The symbol of a human skull and crossbones was a common sight on medieval pirate flags and now, the Unicode 2620 computer document. Other than these examples, the symbol has been flaunted on cemetery entrances, radiation outposts, and toxic dumps.
History of the Symbol
The history of the symbol dates back to the 1700s, when the entrances to Spanish cemeteries were marked with actual human skulls and bones. This 'campo santo' practice led to the symbol being associated with death. The sign was engraved on tombstones across Europe. Many crucifixes were designed to feature the symbol beneath the corpus or depiction of Jesus' body.
Most of the Christian associations with the symbol come from the mention of the place of Christ's crucifixion as 'Golgotha' or the place of a skull, in the New Testament of the Holy Bible (Mark 15:22). The 1732 Nuestra Señora del Pilar church, that overlooked the Recoleta Cemetery, Buenos Aires, Argentina, was designed to depict the symbol.
By the 1800s, the sign was used to label containers of poisonous substances, alongside the 'XXX' symbol. In the nineteenth century, the presence of the symbol on poison bottles became ubiquitous. It was also used by military forces on 'Jolly Roger' submarine flags, reconnaissance battalion emblems and fighter unit aircraft tails. Today the symbol is one of the most recognizable squadron markings.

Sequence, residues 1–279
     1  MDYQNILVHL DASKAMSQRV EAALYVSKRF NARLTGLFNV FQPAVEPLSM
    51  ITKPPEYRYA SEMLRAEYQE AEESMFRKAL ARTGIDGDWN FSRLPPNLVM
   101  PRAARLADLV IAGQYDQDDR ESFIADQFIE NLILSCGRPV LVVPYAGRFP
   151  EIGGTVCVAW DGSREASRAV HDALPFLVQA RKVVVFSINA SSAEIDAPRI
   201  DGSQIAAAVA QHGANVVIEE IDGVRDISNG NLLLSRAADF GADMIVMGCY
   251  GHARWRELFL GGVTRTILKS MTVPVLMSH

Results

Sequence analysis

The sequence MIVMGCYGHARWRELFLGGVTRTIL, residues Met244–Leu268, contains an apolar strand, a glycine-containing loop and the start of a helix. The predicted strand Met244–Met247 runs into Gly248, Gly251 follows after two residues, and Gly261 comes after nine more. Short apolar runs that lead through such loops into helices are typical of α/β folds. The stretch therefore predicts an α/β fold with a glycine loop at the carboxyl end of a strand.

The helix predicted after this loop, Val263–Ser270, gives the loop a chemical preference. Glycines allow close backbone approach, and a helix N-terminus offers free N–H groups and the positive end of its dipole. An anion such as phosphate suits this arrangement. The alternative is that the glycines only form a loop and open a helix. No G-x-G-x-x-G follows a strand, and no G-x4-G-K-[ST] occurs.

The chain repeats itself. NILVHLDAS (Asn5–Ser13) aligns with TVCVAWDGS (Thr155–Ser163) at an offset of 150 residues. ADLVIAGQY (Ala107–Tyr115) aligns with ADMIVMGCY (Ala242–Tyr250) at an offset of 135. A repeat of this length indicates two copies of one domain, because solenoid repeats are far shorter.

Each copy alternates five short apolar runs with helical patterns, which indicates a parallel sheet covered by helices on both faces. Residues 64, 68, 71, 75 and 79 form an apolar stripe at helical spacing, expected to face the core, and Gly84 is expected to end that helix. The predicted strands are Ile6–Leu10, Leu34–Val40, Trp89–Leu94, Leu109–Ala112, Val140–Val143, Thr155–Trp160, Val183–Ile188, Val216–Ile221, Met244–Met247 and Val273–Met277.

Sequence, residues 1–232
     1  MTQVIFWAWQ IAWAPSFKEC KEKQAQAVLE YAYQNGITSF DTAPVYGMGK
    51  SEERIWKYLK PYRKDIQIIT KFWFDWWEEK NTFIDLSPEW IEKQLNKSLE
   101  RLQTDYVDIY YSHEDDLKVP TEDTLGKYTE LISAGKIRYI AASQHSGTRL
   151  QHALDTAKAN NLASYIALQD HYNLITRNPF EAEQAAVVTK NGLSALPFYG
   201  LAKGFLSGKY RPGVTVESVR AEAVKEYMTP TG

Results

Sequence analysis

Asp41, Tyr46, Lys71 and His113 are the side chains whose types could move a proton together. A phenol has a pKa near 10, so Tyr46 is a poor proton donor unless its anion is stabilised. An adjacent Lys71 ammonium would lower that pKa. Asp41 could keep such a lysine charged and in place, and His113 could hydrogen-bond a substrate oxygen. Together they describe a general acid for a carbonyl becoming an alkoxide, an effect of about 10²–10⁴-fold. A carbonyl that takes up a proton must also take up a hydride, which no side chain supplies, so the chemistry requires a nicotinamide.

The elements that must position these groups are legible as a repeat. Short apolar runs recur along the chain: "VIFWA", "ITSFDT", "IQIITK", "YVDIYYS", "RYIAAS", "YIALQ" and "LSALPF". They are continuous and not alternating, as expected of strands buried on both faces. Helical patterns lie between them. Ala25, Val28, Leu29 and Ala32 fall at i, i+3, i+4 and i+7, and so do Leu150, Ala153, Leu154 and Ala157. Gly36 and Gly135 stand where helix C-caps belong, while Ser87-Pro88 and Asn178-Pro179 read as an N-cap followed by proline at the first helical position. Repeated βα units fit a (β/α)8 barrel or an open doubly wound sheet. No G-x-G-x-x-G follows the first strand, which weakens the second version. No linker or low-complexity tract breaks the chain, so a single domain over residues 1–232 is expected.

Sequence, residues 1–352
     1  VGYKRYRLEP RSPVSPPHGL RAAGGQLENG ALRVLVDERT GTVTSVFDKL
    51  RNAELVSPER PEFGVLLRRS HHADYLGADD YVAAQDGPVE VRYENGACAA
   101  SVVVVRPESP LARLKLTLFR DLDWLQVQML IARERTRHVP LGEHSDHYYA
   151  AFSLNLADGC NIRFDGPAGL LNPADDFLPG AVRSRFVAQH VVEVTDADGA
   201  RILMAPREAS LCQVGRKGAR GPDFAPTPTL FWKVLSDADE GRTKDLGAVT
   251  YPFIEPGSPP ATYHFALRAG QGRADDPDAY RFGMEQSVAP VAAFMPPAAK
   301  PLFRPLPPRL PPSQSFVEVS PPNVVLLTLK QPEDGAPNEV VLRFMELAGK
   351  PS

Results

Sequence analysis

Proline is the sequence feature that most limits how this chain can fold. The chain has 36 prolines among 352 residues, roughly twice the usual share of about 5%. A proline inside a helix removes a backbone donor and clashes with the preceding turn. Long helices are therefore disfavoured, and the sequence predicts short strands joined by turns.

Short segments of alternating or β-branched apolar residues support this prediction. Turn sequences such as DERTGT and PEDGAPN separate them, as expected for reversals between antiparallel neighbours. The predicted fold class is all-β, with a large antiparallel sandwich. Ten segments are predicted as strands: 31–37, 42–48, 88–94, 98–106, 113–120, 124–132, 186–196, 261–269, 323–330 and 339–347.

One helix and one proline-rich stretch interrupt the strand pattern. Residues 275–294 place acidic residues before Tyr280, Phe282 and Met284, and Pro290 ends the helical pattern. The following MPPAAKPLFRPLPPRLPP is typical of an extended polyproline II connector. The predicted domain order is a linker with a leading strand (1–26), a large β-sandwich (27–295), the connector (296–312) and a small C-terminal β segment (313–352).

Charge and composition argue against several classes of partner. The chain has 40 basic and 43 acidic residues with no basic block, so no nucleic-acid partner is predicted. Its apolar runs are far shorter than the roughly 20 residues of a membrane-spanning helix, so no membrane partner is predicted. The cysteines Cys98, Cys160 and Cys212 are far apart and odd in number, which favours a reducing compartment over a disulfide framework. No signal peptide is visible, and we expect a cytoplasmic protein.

Semantics Behind the Symbol
The symbol is indicative of danger and impending harm. Its association with death, poison, and secret societies has resulted in the symbol being recognized as a fraternity and unicode motif. Today, this symbol is commonly associated with references to:
- HTML entity
- Hussars and dragoons
- Nazi SS service
- British lancer regiments
- Los húsares de la muerte, a paramilitary guerrilla group in Chile
- Chetniks or the Serbian royalist and nationalist paramilitaries
- Kuperjanov Partisan Battalion
It thus remains a standard symbol for poison, even beyond industrial usage. It is a sign that environmentally conscious consumers look for. The symbol has been adopted all through the late nineteenth and early twentieth centuries, for various reasons. Business and religious fraternities, secret societies, sororities and even the public domain used the symbol on their badges and logos.
As a hazard symbol it warns about the location of toxic material. The symbol is usually accompanied by supplemental information that specifies the nature of the hazard. The use of the symbol has certainly increased since the 1700s. The modern consumer continues to interpret the sign as an indication to 'stay away' from some area or material.